Art in Review; Helen Miranda Wilson

In what seems like a radical departure from her previous painting, which focused recognizably on the natural world, Helen Miranda Wilson shows oil-on-panel geometrical abstractions composed entirely of small colored squares, rectangles and parts thereof. Each of these ''calendar paintings'' refers to events in her life about the time they were painted; each unit of color represents a day.

The switch in her work to this kind of shorthand, she explains, has occurred because of a busier life. Having moved back to the Cape Cod town where she grew up, she has become an elected official and a beekeeper. So the patches of color, neatly laid out but with a handmade look – edges that bleed slightly, drips of primer material – represent a diminution in her desire ''to work from observation.''

Although there is no recognizable subject matter in the panels, they do have titles, like ''Tom's Salad, Thanksgiving Day,'' in which the patches, not uniformly aligned and occurring in intense colors modified by silvery grays and blacks, could conceivably celebrate a salad blitz made for a large company. And some have dates for titles, one being ''February 19, 2004,'' in which a bright red rectangle (a red letter day?) stands out among more sedate hues. Other visual stimuli include flags, quilts and honeycombs.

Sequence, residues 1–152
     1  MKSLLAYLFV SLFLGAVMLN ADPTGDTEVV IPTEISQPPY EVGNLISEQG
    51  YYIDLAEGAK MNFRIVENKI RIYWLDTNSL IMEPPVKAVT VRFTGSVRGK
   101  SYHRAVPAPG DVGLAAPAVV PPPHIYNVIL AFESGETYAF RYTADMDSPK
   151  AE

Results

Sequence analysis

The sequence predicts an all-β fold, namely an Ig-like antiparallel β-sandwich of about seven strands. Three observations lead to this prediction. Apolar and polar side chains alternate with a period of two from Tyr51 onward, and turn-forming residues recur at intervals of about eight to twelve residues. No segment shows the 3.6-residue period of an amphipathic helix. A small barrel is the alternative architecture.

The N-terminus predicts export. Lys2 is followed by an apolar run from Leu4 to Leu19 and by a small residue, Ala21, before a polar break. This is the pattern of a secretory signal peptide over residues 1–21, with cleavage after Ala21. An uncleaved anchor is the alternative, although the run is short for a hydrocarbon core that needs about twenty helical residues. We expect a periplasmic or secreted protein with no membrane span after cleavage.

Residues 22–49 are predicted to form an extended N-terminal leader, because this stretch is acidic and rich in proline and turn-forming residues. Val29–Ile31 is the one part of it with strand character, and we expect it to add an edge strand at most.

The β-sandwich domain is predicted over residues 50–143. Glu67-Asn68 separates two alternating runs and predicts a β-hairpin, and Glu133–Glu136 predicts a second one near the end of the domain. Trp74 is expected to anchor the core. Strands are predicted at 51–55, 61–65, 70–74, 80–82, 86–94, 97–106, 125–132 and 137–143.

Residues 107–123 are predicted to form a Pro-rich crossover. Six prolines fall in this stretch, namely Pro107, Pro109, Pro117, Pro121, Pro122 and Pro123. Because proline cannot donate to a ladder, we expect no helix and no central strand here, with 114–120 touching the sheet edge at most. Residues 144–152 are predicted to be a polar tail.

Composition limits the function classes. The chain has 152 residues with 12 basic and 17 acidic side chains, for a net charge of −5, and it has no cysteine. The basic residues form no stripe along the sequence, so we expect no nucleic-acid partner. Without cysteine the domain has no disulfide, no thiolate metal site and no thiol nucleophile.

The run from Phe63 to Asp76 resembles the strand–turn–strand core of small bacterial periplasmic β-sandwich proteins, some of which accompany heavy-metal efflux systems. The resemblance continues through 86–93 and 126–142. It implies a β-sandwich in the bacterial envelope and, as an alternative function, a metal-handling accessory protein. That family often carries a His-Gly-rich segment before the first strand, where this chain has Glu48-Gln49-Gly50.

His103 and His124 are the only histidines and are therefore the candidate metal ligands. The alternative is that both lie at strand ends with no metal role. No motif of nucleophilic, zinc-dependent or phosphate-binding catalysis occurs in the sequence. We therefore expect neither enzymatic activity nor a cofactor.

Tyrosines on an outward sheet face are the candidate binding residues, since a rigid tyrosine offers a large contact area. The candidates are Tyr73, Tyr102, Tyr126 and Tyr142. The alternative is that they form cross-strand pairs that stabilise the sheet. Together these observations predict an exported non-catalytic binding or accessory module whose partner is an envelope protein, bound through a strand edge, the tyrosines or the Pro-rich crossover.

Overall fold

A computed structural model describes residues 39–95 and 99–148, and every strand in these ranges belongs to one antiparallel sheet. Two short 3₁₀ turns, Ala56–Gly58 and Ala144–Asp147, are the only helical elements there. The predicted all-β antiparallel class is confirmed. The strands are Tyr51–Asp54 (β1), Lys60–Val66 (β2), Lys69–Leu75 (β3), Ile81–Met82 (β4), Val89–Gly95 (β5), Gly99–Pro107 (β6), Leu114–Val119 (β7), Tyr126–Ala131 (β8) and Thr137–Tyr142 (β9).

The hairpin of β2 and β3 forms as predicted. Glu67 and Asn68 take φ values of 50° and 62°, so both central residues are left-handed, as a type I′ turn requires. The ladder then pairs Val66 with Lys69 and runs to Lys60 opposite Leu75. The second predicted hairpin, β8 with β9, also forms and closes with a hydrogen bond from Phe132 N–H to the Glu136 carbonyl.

The softness and eccentric placement of the patches leavens the severity of their geometrics, giving the panels a folksy quality that reminds me of the painter Al Jensen's garrulous (and far more complex) schemes, minus their philosophical underpinning.